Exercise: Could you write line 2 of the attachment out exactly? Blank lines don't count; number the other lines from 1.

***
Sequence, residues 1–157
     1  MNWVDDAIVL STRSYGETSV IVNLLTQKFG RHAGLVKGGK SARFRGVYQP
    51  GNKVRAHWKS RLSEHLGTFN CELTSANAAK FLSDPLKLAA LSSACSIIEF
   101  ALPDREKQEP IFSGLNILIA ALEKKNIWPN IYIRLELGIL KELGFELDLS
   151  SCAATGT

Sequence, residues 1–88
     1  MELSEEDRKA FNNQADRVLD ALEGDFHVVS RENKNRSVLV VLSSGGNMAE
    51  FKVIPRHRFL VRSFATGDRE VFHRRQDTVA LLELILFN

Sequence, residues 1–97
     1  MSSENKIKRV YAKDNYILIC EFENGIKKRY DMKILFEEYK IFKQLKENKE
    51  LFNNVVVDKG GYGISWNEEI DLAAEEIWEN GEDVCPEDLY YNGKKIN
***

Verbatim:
     1  MNWVDDAIVL STRSYGETSV IVNLLTQKFG RHAGLVKGGK SARFRGVYQP